Tim Collings weighs up the reactions to the first day of the new era ahead of Sunday’s 2014 Formula 1® Rolex Australian Grand Prix.
Lewis Hamilton led Formula One's journey into the unknown territory of a 'high tech' new era on Friday with the first breakdown and fastest lap of an intriguing day at Albert Park.
Then, despite having been stopped and questioned by a zealous security guard at the paddock gates, he stepped out in front of the jostling cameras to declare himself as 'comfortable' after outpacing team-mate German Nico Rosberg on an afternoon of Mercedes mastery.
"To miss the first session is kind of unusual," said Hamilton. "I didn’t even get round half a lap. I had to stop. It’s a shame because there was the 10-15 minutes when no one was running and they could easily have brought the car back. I felt I was really on the back foot, but I got up to pace quite quickly and found the balance relatively fast as well, so I feel positive."
The 2008 World Champion's performance summed things up neatly, but he knows as well as anyone that one day's work means little at the start of a new season -- and that Friday practice positions can be a notoriously poor guide to what happens in Saturday's qualifying session.
The proximity of two-time champion Fernando Alonso, third for Ferrari, and defending four-time champion Sebastian Vettel, of Red Bull, who was fourth ahead of Jenson Button's McLaren and Dan Ricciardo confirmed that danger.
One man who stayed in the shade as others shone in the sun was the sport's sole Brazilian contender this year, Felipe Massa, newly installed at Williams after eight roller-coaster years at Ferrari. Many have tipped him as a contender for his 12th career victory in Sunday's race.
He ended the day in 12th place on the time-sheets, four behind Williams team-mate Finn Valtteri Bottas, but both posted top five times earlier in the session and only dropped away after switching their attention to longer, race simulation, runs in the closing stages.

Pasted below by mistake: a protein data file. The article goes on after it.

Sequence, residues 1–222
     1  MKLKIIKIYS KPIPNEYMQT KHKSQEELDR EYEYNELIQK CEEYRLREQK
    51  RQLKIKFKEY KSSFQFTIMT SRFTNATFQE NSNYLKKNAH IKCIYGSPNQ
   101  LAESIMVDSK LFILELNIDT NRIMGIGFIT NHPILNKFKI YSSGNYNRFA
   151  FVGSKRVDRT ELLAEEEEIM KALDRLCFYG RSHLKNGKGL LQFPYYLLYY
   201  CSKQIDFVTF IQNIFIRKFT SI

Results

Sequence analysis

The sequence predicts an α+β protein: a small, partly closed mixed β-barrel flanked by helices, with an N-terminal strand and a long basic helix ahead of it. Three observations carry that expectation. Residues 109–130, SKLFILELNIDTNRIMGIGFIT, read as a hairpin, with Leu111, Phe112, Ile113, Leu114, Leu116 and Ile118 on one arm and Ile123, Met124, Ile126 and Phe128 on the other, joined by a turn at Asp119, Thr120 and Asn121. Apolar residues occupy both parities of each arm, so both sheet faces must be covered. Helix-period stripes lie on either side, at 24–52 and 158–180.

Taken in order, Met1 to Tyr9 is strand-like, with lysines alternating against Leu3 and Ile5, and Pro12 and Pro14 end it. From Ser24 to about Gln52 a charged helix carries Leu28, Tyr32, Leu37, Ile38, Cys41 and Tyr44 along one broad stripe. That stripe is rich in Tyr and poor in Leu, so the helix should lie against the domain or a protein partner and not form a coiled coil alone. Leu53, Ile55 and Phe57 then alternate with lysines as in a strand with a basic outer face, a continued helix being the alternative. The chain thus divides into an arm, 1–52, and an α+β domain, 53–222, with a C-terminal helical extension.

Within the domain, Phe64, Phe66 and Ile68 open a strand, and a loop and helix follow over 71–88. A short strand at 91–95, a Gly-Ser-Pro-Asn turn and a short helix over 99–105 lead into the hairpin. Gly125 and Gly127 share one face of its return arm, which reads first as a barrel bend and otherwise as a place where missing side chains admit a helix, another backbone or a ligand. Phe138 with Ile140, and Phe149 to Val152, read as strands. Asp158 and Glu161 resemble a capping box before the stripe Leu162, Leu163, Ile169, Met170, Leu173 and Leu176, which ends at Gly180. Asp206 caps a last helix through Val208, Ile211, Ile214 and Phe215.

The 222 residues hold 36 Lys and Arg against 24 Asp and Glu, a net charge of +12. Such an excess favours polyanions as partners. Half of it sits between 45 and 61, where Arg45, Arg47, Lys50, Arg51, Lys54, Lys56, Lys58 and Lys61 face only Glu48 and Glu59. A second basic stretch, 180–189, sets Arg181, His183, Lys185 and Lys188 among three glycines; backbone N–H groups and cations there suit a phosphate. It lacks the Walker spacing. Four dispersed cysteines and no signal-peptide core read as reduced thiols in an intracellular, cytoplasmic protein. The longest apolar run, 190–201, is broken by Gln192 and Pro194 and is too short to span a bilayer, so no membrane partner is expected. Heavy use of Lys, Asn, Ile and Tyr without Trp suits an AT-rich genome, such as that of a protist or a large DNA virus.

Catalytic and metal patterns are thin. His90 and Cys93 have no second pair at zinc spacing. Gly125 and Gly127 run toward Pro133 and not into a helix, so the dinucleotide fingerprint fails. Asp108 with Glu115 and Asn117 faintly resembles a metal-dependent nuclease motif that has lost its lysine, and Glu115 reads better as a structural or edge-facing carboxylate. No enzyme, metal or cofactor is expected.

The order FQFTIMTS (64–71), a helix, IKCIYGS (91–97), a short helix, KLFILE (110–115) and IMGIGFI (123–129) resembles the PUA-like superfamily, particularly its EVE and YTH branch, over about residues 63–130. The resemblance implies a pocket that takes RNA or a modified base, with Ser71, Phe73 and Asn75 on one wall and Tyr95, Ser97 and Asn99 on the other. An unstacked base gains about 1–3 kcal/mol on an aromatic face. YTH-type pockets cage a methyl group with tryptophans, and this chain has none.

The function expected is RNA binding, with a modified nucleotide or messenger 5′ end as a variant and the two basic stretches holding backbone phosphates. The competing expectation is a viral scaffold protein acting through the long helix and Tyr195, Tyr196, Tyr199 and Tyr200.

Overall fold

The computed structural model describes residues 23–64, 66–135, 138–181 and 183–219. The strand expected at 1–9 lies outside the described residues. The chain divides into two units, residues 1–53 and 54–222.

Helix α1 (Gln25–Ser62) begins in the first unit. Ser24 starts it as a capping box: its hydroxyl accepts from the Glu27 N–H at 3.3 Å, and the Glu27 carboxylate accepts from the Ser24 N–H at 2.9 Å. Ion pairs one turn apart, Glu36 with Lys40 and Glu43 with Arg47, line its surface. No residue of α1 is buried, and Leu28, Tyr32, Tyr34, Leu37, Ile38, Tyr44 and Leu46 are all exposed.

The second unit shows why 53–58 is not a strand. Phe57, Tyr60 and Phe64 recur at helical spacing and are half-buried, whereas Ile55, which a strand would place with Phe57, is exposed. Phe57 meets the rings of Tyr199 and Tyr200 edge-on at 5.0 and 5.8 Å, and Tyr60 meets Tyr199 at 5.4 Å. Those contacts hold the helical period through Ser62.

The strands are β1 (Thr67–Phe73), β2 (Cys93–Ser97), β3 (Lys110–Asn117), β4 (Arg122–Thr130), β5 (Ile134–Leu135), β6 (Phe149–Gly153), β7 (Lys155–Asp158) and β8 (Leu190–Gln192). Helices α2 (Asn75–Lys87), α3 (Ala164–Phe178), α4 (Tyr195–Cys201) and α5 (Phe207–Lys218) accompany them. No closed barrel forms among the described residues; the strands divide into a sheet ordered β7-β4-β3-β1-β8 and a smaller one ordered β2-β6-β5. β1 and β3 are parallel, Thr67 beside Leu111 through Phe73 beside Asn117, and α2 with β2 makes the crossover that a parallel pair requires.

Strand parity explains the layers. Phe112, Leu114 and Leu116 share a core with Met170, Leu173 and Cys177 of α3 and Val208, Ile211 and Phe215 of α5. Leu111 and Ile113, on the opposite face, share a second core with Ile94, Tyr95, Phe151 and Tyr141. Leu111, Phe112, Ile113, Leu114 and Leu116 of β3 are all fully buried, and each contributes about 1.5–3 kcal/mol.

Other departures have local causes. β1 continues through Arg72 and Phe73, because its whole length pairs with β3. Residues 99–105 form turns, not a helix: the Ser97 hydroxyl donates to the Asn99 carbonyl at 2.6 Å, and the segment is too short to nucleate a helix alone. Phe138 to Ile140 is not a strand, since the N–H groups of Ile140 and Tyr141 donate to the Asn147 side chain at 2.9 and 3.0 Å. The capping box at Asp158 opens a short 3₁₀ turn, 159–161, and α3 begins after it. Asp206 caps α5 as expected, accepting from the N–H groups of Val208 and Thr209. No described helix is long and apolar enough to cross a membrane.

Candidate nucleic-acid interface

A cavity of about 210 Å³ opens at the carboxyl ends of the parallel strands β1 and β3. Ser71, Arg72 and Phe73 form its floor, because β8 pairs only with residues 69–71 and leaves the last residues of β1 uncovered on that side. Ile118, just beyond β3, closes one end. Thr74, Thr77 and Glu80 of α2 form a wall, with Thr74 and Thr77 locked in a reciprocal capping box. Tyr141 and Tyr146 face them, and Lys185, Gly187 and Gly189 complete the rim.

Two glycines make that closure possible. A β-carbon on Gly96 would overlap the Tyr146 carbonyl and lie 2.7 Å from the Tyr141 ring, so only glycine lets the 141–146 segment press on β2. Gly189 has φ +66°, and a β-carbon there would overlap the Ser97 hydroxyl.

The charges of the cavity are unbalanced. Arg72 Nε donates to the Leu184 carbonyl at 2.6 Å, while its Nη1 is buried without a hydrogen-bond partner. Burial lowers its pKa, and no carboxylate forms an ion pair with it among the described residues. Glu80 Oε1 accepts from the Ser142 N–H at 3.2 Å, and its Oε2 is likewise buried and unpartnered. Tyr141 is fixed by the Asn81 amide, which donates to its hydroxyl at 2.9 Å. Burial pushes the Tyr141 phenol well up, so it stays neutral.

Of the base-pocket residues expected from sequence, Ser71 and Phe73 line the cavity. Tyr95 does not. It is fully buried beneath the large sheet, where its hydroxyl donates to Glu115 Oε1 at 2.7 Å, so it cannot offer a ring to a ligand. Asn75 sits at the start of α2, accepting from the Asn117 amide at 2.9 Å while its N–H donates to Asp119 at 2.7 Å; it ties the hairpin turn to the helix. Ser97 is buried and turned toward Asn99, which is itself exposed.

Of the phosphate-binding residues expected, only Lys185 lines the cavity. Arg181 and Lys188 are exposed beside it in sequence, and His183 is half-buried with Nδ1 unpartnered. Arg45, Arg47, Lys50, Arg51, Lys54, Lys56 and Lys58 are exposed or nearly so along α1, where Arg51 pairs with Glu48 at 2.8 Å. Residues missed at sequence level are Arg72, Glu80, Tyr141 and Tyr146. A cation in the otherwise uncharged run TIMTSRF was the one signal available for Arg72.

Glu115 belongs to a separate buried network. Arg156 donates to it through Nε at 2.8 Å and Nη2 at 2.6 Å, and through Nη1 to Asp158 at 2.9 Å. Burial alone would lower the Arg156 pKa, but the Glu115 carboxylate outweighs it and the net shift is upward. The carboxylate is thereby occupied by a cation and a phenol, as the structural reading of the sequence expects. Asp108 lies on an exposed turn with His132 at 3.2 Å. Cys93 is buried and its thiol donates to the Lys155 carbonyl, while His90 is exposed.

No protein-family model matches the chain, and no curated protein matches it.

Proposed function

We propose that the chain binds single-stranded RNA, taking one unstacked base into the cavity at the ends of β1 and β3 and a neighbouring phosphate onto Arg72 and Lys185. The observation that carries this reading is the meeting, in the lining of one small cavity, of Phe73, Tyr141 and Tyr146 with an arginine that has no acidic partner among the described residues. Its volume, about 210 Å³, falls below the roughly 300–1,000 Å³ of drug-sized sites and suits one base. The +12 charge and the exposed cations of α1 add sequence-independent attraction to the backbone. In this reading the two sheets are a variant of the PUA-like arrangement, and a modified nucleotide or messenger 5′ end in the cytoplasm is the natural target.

“I was just trying to understand everything around the set-up and trying to find the direction for tomorrow,” said Massa. "That was our focus for and there is definitely a lot more to come. I think what we learned in testing puts us in a good position regarding set-up.... I hope so anyway!
"It's the first day and there is still a lot to happen over the weekend, but it wasn't really a bad day... I think we have to believe that we have the momentum for a strong result."
A Massa success in his 192nd Grand Prix on Sunday would be a popular result. He is a widely-liked man and there is a widespread soft spot for the independent British team that has embraced his Latin temperament and family values.
"I am really happy to be with Williams," he said. "I have really enjoyed the working with them up to now, to feel that and the car and the working we do... It has been a very difficult time for them in the last few years and there is a lot to do, development, inside the factory, inside the team.
"Many new people are arriving, including me, but I am motivated. And, for sure, we can be there. I feel the team, too, is really motivated. They want to grow and get back to the good times. I feel a lot of understanding for the people and they are really professional.
"It is similar working with the car. The working is the same, but not the talking. They are much more quiet. You know... The Italians, they cannot talk without shaking their hands and, well, I am like that because I am from Brazil! So, for sure, it's a big change for me and I am trying to learn quickly. But it is a nice experience and I hope we can do some really special things."
Confounding some critics and steering Williams back towards a podium finish would certainly be a good start.